What was interesting was how I tend to regard anti-science movements: as right wingers (most famously as the American right wing and the Wildrose party in Alberta). Here is an interesting case where anti-science has actually sprung from the left of the political spectrum in Germany: various anti-GMO activist groups campaigned against special science labs introduced in several high schools. The purpose of these labs was to give students a more hands-on experience in their molecular biology studies that would normally only be available to university students.
The scientific community was shaken up by the decision of the new Social Democrat-Green government in Niedersachsen. This was an attack on the academic freedom of schools under the guise of accusing them of promoting special interests while ignoring that the anti-GMO activists themselves were representing special interests, including the lucrative organic food industry. Scientists and science writers such as Martin Ballaschk or Lars Fischer wrote excellent critical articles in which they asked how squashing high-quality, hand-on science programs could ever lead to better decision-making. How could ignorant students have a better grasp of GMO risks and benefits than those who receive formal education and could make truly informed decisions? Sadly, this outcry did not make much of a difference and it did not seem that the media felt this was much of a cause to fight for. I wonder if the media response would have been just as lackluster if the government had de-funded a hands-on science lab to study the effects of climate change.
I recommend reading the entire article if you have the time (the link is in the first sentence of this post).
There are three critical issues that the article raises. The first is that anti-science movements in the political sphere are not exclusively climate change-denying political significants from the conservative right-wing. Interest groups organizing against scientific study can come from the left too–which is not too hard to understand when we consider that there are those who benefit financially or politically from anti-GMO campaigns.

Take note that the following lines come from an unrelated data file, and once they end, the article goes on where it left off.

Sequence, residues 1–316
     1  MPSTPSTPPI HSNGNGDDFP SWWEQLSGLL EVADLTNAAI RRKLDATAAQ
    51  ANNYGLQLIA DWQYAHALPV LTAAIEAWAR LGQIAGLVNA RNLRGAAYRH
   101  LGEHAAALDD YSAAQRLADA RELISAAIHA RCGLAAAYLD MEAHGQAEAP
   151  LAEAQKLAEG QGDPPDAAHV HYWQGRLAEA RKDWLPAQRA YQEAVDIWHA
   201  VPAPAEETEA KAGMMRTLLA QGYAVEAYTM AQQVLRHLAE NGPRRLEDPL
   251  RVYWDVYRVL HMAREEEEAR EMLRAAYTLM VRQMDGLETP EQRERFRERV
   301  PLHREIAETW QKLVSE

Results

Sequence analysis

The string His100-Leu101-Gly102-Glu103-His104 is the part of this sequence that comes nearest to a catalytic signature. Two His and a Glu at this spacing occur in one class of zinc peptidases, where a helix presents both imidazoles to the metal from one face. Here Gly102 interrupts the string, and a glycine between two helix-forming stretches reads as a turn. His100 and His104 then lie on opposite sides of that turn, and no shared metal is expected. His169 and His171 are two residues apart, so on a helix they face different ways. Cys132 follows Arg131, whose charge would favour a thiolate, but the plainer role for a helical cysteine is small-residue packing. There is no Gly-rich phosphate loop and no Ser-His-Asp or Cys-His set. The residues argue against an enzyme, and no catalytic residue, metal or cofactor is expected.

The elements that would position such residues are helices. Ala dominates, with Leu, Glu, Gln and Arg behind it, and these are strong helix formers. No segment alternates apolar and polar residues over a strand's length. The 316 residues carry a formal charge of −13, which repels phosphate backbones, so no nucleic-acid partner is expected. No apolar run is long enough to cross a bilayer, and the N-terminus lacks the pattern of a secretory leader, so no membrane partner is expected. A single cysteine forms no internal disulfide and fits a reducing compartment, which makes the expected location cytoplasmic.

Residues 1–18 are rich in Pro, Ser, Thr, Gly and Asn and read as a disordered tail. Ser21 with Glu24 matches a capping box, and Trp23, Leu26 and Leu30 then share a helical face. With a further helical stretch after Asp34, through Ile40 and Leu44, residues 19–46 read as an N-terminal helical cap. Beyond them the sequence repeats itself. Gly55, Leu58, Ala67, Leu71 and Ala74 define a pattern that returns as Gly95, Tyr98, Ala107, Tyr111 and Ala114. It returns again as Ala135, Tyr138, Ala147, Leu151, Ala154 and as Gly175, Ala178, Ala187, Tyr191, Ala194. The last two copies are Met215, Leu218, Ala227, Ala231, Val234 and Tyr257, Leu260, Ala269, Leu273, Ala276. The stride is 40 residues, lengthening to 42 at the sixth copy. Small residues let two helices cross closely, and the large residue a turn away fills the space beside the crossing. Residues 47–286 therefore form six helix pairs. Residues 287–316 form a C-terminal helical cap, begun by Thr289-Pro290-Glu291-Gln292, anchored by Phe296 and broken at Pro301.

Which brings me to the second issue. Often the success of anti-science activists such as those in the HannoverGEN case rely on media coverage and, most importantly, widespread scientific illiteracy. The whole anti-vaccination debacle is another such example of people falling prey to sensationalist articles that have garnered success in part because of scientific illiteracy and a natural fear of what we as individuals do not understand. The anti-vaccination movement exploded after the mistake of the respected scientific journal The Lancet, who published a fraudulent paper on vaccinations (the man who wrote the paper has long since been stripped of his medical license). Numerous scientific efforts have disproved the validity of his lies, quite successfully, and yet the prevalence of the anti-Vaccination movement remains stronger than it should be.
The scientific community is not perfect. Replication and verification of experiments are pillars of scientific ethical standards and when sufficient efforts have not been made to verify publishable papers, not only the scientific community but science itself loses the respect of good chunks of the public.
My response to this problem, for myself and others outside the field of science, is to promote scientific literacy and interest in the scientific community; with a better understanding of the methodology and processes involved, we can be better prepared to hold interest groups (including scientists and politicians) accountable–for sound reasons. In the case of HannoverGEN in Germany, public scientific literacy would have greatly benefited the HannoverGEN project. Anti-GMO groups claimed that the high school students using the HannoverGEN labs would be taught to believe GMOs were exclusively good, among other things (which was chiefly untrue). Again, I highly recommend your read the actual article; it describes the debate much more thoroughly and and intelligently than I could. It will also reveal the poor argumentation made by the anti-GMO groups and the Green party of Germany.
Argumentation brings me to the third issue. Scientific literacy should not be our only goal. It’s also so, so important to question the information you are presented with. Who benefits from each side of an argument? Do the arguments make logical sense, or do they just play on your sentiments and sensibilities? Are the sources from which groups drawing their information actually legitimate?
Ultimately, does endeavouring to give high school students a more hands-on approach to microbiology studies prevent them from forming well-grounded opinions about genetically modified organisms, particularly when the course curriculum includes educating students about the dangerous possibilities of GMOs?
Anyway, I do not study science. I am also not an expert in argumentation or debate. This post ended up becoming a poorly constructed rant, I know. But if you take anything away from it, I hope it’s that critical thinking and scientific literacy are important for every person, including yourself.